Commercial aircraft manufacturer Airbus held its first Airbus Summit, called “Pioneering Sustainable Aerospace,” earlier this month in Toulouse, France, in which it unveiled a new-generation, all-electric, emissions-free CityAirbus vehicle. The aircraft manufacturer initiated the CityAirbus design program with an eye toward joining the burgeoning Urban Air Mobility (UAM) market, which seeks to provide sustainable air mobility solutions and networks suitable for transporting city dwellers in air taxi-like vehicles.
The CityAirbus NextGen builds on progress the aerospace company made in designing a previous multi-copter CityAirbus demonstrator and a single-seat, winged Vahana electric vertical take-off and landing (eVTOL) demonstrator. Those vehicles have undergone a combined 240-plus flight and ground tests and have flown roughly 621.4 miles (1,000 kilometers). The CityAirbus NextGen features fixed wings, a V-shaped tail, and eight electrically driven propellers (six on the wings, two on the tail) that make up its distributed propulsion system.
Safe, Sustainable Urban Flight
The CityAirbus NextGen is now in a detailed design phase. Its first flight is expected in 2023, and certification is anticipated for 2025. It can be remotely piloted, carry four passengers across a roughly 50-mi (80-km) range, and travel at nearly 75 mph (120 km/h). Those characteristics, Airbus says, make it perfect for various uses in urban areas.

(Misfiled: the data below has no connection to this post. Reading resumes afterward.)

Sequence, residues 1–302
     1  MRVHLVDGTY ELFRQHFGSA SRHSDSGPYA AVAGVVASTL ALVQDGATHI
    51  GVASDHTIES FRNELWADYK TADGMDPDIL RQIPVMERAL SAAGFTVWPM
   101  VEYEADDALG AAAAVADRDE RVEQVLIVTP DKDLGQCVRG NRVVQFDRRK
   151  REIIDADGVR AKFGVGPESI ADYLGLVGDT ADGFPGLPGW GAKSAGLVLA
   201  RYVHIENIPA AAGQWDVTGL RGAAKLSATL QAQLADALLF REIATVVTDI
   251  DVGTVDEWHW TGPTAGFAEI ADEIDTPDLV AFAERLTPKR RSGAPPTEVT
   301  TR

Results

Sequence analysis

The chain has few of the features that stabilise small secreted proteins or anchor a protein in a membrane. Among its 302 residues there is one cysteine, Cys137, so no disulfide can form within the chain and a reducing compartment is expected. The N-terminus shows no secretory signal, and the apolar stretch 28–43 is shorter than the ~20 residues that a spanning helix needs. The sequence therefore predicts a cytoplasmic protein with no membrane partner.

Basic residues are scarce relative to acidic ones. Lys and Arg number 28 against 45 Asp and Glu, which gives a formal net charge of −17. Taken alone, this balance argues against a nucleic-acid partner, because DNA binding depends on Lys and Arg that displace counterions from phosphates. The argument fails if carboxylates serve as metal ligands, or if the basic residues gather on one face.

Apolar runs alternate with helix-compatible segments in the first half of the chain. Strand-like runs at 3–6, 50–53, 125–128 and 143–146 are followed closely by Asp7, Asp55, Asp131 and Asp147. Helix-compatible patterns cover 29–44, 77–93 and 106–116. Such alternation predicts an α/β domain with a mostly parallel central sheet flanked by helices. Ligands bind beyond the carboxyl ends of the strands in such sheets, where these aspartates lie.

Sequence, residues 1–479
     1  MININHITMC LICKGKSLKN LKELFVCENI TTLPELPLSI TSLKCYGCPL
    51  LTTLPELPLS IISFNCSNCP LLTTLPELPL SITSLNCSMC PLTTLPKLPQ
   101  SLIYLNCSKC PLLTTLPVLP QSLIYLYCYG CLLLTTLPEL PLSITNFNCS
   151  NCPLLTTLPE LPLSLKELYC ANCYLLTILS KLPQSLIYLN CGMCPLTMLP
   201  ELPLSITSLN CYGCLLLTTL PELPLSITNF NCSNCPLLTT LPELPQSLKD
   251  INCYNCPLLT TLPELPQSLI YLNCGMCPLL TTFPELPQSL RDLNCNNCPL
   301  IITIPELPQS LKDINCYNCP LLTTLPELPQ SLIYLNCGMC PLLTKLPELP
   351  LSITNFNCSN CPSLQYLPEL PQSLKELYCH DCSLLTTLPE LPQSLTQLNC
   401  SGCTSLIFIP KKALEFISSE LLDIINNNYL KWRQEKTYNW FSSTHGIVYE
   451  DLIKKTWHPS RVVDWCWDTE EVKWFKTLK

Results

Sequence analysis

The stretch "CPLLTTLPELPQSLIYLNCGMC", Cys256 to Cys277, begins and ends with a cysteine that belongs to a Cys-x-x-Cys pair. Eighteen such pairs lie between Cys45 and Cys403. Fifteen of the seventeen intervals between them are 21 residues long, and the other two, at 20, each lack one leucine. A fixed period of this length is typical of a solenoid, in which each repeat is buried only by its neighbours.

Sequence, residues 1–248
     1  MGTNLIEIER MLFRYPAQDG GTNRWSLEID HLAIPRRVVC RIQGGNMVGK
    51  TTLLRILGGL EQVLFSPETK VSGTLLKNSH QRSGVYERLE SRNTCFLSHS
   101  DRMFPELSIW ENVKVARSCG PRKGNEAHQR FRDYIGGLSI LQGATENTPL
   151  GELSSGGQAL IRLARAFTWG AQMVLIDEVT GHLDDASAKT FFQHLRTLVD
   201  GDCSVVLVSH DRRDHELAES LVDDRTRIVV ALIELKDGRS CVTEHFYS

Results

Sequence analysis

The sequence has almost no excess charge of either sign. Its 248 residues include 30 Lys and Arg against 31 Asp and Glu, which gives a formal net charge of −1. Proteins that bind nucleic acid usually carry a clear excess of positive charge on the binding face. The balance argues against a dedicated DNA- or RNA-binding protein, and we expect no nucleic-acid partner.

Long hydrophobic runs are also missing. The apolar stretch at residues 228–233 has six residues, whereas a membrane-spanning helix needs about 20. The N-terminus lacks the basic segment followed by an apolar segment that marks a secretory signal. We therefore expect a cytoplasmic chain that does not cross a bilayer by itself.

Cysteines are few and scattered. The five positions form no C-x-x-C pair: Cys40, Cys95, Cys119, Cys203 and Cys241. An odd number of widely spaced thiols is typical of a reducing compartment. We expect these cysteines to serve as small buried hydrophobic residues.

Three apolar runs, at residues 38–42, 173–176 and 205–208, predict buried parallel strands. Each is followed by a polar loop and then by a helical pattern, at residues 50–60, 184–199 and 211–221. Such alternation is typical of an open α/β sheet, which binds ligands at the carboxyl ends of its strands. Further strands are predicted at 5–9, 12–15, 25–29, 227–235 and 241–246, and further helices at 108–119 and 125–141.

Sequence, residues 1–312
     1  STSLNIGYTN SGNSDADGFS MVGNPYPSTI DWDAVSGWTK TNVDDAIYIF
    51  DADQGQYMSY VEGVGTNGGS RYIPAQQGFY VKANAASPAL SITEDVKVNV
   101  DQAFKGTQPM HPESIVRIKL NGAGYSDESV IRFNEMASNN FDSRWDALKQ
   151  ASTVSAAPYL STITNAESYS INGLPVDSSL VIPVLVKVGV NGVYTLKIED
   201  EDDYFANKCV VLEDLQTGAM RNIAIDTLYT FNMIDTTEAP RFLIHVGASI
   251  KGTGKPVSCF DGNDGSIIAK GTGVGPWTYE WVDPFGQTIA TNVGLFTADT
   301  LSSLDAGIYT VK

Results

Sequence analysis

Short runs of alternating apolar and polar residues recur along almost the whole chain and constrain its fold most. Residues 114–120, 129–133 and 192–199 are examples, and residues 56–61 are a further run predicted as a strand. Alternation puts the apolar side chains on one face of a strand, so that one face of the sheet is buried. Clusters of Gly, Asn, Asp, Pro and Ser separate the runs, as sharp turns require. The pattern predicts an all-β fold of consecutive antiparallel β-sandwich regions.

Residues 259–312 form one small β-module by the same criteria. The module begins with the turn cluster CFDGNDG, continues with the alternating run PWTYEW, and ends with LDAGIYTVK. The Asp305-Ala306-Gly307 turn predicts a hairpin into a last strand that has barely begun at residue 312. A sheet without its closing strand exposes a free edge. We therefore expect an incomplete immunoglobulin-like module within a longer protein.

“We are on a quest to co-create an entirely new market that sustainably integrates urban air mobility into the cities while addressing environmental and social concerns,” says Airbus Helicopters CEO Bruno Even. “Airbus is convinced that the real challenges are as much about urban integration, public acceptance, and automated air traffic management as about vehicle technology and business models. We build on all of the capabilities to deliver a safe, sustainable, and fully integrated service to society.”
CityAirbus aircraft are up to three times faster than automobiles and generate less noise than traditional helicopters, Airbus claims. Additionally, sound levels fall below 65 dB during flyovers, and below 70 dB during landings. The vehicle is optimized for hover and cruise efficiency, but it doesn’t require moving surfaces or tilting parts during transition. Furthermore, Airbus says the CityAirbus NextGen meets the highest certification standards in the European Union Aviation Safety Agency’s (EASA) special condition-VTOL (SC-VTOL) Enhanced category.
In addition to bringing the CityAirbus NextGen to market, Airbus is working with partners, cities, and urban citizens to create an ecosystem it says will be vital to supporting this “new operating environment to emerge in a true service to society.”
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Posted On: 9/30/2021 5:01:14 PM